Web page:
If you’ve put a lot of time, energy, and research into building your own collection of original art and you’ve been fortunate enough to score some high-value pieces, then you may want to insure your art collection. Theft, vandalism, fires or even a burst pipe can ruin your art collection in the blink of an eye. While it’s not fun to think about worst-case scenarios, making sure that you’re prepared in the event of a catastrophe can save you a lot of heartache.
Your standard homeowners or renters insurance policy provides some coverage for artwork and collectibles, but policy limits are usually pretty low. If your collection is worth more than a few thousand dollars, then you should consider looking into special policies that provide better protection.
3 Tips for Protecting Your Art Collection
The first step to making sure that you’re covered financially if disaster strikes and your art collection takes a hit is to make sure that you have all the documents that came with your artwork purchases. This documentation, also called provenance, includes proof of ownership, the bill of sale, photographs of the piece and a replacement estimate. While this documentation isn’t necessarily enough to completely manage risk, it goes a long way in providing your insurance company with the information they need.
Insurance companies can provide adequate coverage for your collection, but only if you’re upfront about what you have, what your collection is worth and its exposure to risks. If you skimp on the details, you run the risk of having a claim denied.
Check Out Your Current Insurance Policy
Once again, your homeowners or renters insurance probably includes coverage for valuables such as fine jewelry, musical instruments and works of art. However, this coverage usually works the same as coverage for any other possession and is subject to your policy’s deductible and limits. Typical coverage limits include $2,500 for a single piece and $5,000 for a collection.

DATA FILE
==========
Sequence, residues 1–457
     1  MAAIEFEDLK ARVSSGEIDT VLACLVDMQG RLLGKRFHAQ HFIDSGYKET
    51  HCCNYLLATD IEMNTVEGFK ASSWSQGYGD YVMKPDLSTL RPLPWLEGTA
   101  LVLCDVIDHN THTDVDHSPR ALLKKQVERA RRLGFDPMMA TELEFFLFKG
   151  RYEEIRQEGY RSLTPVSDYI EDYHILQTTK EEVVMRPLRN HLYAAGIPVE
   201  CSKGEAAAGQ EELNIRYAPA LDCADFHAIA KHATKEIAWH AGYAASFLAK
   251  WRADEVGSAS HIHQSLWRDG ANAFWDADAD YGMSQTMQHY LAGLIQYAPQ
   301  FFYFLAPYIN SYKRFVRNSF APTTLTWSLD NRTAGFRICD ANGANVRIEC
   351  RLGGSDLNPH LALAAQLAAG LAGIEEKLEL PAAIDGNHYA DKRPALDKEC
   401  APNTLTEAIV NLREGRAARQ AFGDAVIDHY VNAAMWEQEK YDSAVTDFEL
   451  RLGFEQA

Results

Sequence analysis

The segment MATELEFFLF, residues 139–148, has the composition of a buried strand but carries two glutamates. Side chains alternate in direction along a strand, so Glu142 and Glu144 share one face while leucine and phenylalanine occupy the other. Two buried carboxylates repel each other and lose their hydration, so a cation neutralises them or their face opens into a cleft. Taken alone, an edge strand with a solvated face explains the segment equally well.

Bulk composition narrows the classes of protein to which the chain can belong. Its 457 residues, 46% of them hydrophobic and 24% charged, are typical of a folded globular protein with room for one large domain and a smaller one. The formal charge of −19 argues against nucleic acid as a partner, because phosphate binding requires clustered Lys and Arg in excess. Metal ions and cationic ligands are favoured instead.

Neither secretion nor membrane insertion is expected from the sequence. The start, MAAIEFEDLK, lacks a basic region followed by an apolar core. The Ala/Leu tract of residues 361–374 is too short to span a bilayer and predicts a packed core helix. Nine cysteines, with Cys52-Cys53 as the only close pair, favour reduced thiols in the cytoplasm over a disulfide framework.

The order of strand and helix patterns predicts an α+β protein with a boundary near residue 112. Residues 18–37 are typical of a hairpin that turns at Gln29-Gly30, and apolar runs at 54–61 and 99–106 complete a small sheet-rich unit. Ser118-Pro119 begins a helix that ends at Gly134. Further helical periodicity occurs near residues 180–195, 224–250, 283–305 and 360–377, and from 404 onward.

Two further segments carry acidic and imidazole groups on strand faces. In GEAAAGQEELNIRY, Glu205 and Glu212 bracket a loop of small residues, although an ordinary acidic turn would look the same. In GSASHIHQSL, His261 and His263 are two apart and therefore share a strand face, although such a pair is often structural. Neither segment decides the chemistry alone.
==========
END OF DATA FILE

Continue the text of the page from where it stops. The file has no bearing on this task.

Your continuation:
In a lot of cases, this coverage is plenty. However, if you’ve scored a few high-dollar pieces over the years, you can quickly max out your coverage. As with any type of insurance, a one-size-fits-all policy doesn’t exist. For some, adding a special rider to their homeowners or renters insurance to cover fine art is the best option. For others, purchasing a policy through a fine art insurance company is the better way to go.
Have Your Collection Appraised Regularly
Whether you’re a serious art collector or a casual one, it’s important to ensure that your policy is tailored specifically for your collection. Insurance companies look at several indexes to determine what your artwork is worth depending on its medium, time period and artist. When choosing a policy, it’s important to consider the art pieces that make up your unique collection.
You should also have your artwork appraised regularly. Most experts suggest that art is appraised every three to five years, depending on the type of collection. When you schedule an appraisal, be sure to specify that it’s for insurance purposes to make sure that you get the most up-to-date market value of your pieces.
Your art collection is irreplaceable, and while it may not be possible to completely avoid risks, if you insure your art collection it can help you make sure that your investment is protected.